The social insurance system is now entering an era of permanent funding crisis and chronic political turmoil. And, as detailed in chapter 32, the Bernanke stock market bubble is heading for a thundering meltdown which will vastly eclipse that of September 2008. So what lies ahead is endemic fiscal crisis, wrenching financial market dislocations, and relentlessly rising fear about financial security on Main Street.

All of this will cause household behavior to change fundamentally; that is, it will lay low America’s vaunted “consumption units.” Indeed, the coming sharp rise in tax rates and savings rates will cause a drastic hit to consumption spending even if these adjustments take several years to unfold. For example, if a $1 trillion increase in household savings and taxes is rolled in over five years, it would reduce the nation’s $11.1 trillion level of PCE by nearly 2.5 percent annually in nominal terms. For a half decade running, therefore, the central component of GDP could be reduced by 5 percent annually in real terms (assuming 2–3 percent inflation).

Needless to say, recidivist Keynesians and their supply-side fellow travelers will propose “economic growth” as the way out of this emerging economic box canyon of higher taxes and higher savings. But their fiscal panaceas of lower taxes or higher spending will be powerfully thwarted because these measures require extensive balance sheet runway - that is, short- and medium-term deficits - that no longer exists.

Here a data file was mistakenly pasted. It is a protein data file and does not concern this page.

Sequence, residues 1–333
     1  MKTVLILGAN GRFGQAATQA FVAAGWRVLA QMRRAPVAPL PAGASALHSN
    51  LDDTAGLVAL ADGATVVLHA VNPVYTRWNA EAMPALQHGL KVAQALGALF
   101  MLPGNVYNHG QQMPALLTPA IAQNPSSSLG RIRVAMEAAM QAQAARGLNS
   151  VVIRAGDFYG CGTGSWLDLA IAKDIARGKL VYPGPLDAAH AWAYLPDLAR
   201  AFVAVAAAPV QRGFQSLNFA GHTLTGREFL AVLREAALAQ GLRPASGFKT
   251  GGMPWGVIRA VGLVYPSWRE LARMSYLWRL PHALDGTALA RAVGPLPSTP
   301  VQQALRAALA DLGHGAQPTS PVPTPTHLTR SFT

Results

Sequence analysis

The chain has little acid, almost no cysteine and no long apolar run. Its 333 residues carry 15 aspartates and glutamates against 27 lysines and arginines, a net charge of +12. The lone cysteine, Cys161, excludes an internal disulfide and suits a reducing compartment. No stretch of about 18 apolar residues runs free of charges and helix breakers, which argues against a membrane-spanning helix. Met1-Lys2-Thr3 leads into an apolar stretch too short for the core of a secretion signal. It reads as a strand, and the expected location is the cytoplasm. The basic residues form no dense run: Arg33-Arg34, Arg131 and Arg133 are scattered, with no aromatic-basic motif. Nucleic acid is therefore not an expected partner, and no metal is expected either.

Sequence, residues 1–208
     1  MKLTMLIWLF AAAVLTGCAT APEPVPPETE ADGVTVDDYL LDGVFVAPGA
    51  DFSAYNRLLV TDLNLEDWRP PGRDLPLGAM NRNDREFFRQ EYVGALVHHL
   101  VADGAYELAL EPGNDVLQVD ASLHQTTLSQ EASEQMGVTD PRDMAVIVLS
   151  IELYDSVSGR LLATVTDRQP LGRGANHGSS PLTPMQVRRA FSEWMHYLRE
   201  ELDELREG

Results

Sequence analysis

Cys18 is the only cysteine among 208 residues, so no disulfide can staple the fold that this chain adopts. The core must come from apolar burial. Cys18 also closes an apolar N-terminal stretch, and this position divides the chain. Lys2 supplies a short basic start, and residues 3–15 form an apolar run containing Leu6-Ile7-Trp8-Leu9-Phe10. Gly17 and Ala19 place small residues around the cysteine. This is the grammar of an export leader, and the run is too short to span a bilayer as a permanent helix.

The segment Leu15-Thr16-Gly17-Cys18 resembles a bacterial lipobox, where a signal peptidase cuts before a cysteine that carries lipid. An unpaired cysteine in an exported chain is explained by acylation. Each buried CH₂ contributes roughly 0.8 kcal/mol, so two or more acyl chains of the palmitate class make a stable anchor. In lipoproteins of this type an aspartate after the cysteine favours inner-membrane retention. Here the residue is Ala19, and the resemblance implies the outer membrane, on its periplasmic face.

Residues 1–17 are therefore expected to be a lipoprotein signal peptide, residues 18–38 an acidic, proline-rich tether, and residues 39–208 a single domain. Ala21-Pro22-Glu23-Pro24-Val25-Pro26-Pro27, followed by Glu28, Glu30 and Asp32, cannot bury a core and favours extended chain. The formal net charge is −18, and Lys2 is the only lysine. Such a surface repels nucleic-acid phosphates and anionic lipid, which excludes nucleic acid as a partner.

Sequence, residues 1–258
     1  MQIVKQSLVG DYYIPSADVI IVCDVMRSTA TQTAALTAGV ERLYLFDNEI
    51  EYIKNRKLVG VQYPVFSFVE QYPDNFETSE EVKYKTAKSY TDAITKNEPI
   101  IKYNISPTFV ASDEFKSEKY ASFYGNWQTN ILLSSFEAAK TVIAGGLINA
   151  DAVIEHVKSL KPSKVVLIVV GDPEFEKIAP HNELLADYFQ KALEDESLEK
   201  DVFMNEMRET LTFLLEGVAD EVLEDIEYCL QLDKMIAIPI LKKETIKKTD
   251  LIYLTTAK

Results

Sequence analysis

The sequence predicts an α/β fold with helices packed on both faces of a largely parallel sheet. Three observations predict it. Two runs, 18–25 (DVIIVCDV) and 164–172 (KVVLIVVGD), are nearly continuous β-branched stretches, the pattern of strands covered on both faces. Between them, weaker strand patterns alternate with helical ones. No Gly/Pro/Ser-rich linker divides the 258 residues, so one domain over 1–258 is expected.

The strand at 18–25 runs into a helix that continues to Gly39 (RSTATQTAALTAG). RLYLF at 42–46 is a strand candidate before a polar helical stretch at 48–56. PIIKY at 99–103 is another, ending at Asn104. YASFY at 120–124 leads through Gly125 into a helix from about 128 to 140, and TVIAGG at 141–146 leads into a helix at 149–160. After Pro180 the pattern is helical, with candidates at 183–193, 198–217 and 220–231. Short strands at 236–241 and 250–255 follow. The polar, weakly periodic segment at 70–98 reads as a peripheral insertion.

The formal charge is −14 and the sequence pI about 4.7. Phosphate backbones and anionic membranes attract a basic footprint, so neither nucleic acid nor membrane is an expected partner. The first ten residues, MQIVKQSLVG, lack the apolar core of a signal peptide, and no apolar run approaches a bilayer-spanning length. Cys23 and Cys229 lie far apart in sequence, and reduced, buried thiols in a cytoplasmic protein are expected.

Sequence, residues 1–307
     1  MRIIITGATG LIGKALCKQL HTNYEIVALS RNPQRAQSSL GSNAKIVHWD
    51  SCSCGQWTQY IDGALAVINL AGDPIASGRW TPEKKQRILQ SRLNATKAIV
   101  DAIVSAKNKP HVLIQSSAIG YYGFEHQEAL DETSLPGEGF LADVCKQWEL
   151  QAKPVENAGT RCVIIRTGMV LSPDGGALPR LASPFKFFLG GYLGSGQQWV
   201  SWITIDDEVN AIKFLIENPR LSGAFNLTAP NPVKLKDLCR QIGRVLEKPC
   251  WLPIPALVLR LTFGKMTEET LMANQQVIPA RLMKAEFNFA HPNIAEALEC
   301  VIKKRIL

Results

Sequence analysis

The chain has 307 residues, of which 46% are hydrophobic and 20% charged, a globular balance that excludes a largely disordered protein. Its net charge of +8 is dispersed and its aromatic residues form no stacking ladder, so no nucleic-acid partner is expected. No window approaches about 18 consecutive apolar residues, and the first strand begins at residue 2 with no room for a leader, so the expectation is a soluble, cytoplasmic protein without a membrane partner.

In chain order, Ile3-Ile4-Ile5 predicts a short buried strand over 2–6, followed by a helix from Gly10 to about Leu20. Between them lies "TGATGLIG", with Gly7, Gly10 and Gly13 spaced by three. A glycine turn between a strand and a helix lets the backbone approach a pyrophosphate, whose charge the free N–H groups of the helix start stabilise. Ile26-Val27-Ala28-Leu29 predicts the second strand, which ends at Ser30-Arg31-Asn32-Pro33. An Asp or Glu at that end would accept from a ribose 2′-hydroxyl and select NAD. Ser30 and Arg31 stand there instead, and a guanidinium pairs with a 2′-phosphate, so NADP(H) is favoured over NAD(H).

To be sure, advocates of fiscal stimulus will claim growth multipliers based on one or another set of “goal-seeked” statistical manipulations. But unless they want to sign up to Art Laffer’s magic napkin, none of the policy measures available will be close to 100 percent self-financing. Given a 20 percent marginal Federal tax take, for example, fiscal stimulus measures would need to generate a 5X GDP multiplier in order to break even. And that is the profound dilemma of peak fiscal debt: there is no remaining headroom in the national debt for policy makers to gamble with play money stolen from future taxpayers.

So the American economy faces a long twilight of no growth, rising taxes, and brutally intensifying fiscal conflict. These are the wages of five decades of Keynesian sin—the price of abandoning the financial discipline achieved by Dwight Eisenhower and William McChesney Martin during the mid-twentieth century’s golden age.